Figure 1.Time dependent profile of the main stages of COVID’s patient’s infection with corresponding patient’s immune cells and ANTI-COVID antibodies levels. In red are the optimal periods of cell therapy treatments for various cell immunotherapies. Adapted from Siddiqi et al. (REF.1). Note that “Virus titer” levels are based on a recent paper by Carmo et al. J. Med. Virol. June 2, 2020 (REF 26)

Pathogenically, the host response is a key determinant of COVID-19 outcomes. Increased levels of IL-6, Ferritin, D-dimer, Toponin I and reduced lymphocyte counts predict mortality3. These features are shared by the ‘cytokine storm syndromes’, a group of conditions in which hyperinflammation and multiorgan disease result from the excessive cytokine release from uncontrolled immune activation4. This provides the rationale for ongoing clinical trials assessing the safety and efficacy of cytokine blockade strategies including the modulation of IL-1, IL-6, and IFNγ and others (Table 1). An alternative approach currently investigated for cytokine storm syndromes is the systemic administration of multipotent mesenchymal stromal cells (MSCs)5,6.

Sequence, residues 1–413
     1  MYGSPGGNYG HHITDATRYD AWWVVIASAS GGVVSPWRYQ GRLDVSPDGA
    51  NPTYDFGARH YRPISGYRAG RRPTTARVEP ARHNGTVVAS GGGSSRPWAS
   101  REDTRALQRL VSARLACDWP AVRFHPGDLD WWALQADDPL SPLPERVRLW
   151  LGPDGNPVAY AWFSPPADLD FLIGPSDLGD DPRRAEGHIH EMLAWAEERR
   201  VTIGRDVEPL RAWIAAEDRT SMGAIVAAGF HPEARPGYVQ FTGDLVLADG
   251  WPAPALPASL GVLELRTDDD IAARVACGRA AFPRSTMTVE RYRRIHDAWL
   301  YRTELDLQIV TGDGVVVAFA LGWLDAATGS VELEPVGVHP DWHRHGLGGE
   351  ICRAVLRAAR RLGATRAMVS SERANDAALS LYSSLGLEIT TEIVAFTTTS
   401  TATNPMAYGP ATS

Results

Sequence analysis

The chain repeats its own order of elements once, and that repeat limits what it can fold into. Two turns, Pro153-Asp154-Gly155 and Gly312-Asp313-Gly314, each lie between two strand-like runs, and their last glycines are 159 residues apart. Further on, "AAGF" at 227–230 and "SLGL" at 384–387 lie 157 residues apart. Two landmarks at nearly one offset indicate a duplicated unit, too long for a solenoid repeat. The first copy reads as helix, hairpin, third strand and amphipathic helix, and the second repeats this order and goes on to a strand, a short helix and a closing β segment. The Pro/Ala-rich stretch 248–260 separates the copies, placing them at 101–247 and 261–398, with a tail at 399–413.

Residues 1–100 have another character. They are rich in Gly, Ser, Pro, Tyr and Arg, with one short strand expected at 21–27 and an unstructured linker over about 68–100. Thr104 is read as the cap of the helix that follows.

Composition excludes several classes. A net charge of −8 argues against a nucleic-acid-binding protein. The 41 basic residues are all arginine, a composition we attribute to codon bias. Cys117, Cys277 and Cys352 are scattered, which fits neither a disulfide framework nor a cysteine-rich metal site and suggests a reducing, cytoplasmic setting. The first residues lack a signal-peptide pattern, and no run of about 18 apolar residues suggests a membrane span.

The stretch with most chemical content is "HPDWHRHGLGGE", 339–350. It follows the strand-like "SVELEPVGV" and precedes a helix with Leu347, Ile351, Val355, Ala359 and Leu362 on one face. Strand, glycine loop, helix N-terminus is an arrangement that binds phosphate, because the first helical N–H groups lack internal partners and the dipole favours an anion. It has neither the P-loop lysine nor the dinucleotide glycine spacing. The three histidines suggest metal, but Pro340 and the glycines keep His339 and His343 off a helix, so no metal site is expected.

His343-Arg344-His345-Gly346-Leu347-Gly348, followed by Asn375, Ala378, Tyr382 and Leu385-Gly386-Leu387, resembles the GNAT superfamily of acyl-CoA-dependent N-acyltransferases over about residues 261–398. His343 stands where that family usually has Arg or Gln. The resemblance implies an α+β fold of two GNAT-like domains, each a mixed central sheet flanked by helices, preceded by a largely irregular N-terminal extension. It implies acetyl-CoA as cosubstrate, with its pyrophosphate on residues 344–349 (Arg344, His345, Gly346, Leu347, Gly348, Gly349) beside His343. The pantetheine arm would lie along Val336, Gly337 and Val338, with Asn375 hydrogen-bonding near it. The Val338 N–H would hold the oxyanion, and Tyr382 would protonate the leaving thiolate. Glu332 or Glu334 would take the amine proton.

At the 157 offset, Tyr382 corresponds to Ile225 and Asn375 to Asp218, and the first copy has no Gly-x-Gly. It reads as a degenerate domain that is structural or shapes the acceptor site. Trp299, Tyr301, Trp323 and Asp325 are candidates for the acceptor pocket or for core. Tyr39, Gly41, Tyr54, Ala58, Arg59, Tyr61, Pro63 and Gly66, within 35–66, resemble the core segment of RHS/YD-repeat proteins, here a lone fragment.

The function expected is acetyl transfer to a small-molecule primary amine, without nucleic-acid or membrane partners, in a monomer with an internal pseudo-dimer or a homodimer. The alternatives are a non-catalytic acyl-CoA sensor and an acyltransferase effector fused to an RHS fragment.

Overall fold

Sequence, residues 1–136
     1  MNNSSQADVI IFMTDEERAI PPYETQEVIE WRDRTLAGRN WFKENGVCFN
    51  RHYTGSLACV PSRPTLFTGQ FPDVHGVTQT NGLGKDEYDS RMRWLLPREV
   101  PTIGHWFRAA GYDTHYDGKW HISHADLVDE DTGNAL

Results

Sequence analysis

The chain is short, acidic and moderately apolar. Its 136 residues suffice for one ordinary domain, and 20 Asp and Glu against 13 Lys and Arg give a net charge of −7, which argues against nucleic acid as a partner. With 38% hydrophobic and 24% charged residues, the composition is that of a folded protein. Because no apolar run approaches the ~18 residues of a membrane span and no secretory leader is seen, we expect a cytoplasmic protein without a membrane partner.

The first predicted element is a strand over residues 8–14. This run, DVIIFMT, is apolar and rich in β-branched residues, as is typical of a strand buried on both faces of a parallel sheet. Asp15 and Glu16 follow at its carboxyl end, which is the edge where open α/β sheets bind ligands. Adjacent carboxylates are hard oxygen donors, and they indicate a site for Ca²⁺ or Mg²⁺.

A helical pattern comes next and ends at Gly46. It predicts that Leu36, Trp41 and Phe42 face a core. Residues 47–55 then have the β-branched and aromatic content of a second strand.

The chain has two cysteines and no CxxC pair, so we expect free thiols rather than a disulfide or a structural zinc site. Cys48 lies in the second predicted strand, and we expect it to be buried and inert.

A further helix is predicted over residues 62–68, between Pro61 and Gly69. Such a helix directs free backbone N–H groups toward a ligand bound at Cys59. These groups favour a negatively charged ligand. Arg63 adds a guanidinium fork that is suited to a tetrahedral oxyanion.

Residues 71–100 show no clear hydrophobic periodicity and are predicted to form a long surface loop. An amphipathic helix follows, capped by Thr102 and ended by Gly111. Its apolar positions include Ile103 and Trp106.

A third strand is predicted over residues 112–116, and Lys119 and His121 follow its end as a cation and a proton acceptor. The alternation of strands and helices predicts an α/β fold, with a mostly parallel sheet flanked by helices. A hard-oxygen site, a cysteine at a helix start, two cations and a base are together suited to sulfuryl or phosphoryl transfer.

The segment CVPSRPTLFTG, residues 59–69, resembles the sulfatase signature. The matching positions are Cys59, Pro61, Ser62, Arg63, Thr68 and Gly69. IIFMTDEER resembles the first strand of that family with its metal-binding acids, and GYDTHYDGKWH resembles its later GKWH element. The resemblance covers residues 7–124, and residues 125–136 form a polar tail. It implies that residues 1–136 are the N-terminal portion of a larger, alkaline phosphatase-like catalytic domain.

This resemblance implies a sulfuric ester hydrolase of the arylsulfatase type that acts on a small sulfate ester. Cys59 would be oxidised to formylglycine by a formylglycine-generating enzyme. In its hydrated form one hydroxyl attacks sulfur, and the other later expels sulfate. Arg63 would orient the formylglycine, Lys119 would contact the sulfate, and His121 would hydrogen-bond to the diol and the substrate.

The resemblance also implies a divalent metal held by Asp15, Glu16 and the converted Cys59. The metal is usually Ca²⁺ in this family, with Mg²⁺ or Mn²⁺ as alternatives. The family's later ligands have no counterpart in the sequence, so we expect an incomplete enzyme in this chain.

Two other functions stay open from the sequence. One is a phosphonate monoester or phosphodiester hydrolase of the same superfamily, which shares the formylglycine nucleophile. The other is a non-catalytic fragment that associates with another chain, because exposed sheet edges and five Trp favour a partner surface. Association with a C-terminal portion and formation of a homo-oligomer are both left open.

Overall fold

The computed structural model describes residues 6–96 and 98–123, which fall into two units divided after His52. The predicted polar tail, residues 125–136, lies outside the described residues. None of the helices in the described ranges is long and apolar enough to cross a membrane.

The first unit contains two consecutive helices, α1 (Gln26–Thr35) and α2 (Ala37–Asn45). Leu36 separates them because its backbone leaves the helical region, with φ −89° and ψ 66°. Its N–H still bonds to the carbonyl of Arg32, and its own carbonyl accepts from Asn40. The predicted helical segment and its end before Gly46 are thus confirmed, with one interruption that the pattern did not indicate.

Table 1: COVID current and potential therapies. Source: Dr. Inés Colmegna and Dr. Michel L. Tremblay